Tag Archives: imelda staunton

Follies (National Theatre, Olivier)

Stephen Sondheim’s bittersweet musical of theatreland gone by has its first major revival in London in years, and the book by James Goldman has now been returned fairly closely to the original plot, with the songs added for the 1987 revival dropped and the likes of ‘The Road You Didn’t Take’ and ‘The Story of Lucy and Jessie’ returned to their rightful place.

follies-poster

The set is a depiction of the decayed and partly demolished Weissman Theatre, where the neon still works but the walls are crumbling, the seats are distressed, and the auditorium is ruined.  For me, the opening scene and prologue takes too long to introduce everyone, but that would be true of every version of this show, and it is certainly touching to see the mature showgirls descend the ‘staircase’ (in reality, a less-than-glamorous fire escape) one last time, while their younger selves move in ghostly sequins and sparkles in from the stage.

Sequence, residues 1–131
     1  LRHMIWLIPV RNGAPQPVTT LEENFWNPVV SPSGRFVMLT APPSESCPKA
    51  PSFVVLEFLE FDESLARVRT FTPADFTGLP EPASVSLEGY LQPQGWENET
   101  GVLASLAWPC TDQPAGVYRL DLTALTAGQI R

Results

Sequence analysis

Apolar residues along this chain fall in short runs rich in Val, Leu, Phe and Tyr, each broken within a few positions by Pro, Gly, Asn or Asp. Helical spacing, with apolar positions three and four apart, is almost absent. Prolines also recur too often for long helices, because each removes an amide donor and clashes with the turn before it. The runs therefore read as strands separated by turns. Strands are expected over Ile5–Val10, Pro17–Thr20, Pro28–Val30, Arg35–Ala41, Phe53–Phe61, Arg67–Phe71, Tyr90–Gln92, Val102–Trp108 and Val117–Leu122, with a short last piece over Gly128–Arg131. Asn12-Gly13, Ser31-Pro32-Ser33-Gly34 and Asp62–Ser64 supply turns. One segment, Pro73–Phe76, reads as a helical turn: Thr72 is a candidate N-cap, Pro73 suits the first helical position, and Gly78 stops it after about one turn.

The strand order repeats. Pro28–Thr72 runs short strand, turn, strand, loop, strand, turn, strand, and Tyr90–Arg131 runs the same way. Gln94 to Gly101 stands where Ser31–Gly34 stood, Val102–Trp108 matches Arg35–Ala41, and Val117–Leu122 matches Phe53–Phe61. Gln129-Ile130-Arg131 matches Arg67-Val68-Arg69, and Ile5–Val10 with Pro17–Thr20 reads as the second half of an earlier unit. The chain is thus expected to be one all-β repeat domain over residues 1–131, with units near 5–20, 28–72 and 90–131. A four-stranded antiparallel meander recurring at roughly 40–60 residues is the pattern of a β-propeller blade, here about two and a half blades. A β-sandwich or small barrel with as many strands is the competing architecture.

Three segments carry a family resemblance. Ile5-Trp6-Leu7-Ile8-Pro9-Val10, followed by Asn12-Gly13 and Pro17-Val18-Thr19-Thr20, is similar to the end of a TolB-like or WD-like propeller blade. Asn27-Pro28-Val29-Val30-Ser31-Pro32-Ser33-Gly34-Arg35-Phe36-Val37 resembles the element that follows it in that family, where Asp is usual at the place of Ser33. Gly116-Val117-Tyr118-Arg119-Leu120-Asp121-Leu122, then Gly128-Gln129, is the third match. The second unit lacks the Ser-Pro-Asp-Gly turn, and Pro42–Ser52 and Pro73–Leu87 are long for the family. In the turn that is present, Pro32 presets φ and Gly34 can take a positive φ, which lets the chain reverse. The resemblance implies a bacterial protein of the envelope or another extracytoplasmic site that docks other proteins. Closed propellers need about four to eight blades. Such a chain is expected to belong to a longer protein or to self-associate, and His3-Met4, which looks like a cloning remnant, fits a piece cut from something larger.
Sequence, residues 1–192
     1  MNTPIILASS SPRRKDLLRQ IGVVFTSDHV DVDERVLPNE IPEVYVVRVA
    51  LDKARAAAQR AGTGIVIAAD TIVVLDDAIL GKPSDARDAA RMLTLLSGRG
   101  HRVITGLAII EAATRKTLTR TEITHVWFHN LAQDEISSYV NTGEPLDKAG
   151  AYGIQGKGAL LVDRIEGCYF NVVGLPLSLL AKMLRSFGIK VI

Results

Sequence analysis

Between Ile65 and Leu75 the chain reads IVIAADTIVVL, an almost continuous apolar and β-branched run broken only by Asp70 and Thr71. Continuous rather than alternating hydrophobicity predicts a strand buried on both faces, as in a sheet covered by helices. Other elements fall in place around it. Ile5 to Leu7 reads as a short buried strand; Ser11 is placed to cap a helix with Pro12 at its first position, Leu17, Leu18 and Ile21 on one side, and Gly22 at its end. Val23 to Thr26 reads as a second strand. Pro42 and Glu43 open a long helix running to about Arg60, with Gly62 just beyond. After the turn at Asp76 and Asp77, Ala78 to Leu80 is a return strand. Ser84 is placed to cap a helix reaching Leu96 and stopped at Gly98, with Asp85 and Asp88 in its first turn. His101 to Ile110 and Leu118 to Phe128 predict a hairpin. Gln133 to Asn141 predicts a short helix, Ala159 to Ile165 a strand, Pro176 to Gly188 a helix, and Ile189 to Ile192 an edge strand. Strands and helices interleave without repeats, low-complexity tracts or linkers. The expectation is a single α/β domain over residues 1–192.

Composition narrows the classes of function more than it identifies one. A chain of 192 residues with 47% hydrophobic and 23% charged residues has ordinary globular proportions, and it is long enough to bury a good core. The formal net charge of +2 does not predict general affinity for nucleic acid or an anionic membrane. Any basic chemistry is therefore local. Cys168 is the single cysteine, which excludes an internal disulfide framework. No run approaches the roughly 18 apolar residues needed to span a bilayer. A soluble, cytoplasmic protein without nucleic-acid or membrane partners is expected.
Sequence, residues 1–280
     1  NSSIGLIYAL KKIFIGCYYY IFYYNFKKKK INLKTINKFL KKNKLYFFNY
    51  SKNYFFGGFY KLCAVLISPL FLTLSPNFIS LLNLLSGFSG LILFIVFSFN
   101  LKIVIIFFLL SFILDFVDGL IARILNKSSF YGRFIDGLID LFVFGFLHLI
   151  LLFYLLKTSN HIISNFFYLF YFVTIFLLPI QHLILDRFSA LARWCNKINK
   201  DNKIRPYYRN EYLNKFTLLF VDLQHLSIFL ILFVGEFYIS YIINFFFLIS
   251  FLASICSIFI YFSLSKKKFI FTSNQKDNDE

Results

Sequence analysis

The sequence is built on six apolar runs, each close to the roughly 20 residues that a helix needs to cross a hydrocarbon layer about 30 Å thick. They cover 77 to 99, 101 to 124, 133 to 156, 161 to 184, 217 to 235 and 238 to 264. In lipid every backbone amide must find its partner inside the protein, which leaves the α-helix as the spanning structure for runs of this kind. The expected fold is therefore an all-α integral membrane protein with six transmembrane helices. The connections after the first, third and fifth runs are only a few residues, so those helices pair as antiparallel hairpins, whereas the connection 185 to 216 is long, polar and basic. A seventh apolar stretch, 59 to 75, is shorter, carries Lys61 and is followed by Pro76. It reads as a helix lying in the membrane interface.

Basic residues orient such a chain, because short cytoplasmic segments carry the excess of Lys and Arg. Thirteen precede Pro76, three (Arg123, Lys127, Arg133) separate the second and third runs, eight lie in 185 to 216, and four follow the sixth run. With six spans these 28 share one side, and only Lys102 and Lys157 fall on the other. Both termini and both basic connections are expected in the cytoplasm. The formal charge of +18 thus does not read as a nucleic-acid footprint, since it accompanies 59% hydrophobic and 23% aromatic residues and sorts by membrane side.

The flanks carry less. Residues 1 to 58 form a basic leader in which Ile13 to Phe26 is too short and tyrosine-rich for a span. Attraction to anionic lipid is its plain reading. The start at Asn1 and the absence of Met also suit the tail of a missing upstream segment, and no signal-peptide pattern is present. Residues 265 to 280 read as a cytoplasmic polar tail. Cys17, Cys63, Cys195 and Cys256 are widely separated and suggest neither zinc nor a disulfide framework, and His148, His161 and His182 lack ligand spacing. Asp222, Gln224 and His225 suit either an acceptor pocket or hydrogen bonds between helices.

This show is very much about those ladies who graced the Weissman Follies between the two World Wars, and although we are more focused on the story of two of them – Sally (Imelda Staunton), and Phyllis (Janie Dee) – we still feel invested in the others, from Carlotta the movie star (Tracie Bennett, done up as Joan Crawford in stern red, and decaying from despair, drink, and dallying with young men who ‘mean nothing’), ageing opera diva Heidi (Josephine Barstow, whose delicate depiction of sad memories of an affair with the boss, Mr Weissman (Gary Raymond, who makes an sobering impact in a nothing part, as lost in time as his girls), is as touching as her faded soprano voice in ‘One Last Kiss’, a duet with her younger self, played by Alison Langer), to the much-married and knowing Hattie (Di Boutcher, who knocks ‘Broadway Baby’ out of the park from the moment she removes her glasses, but who is surely far too young for the part), and the rather sad Solange (Geraldine Fitzgerald, with her memories of ‘Paree’).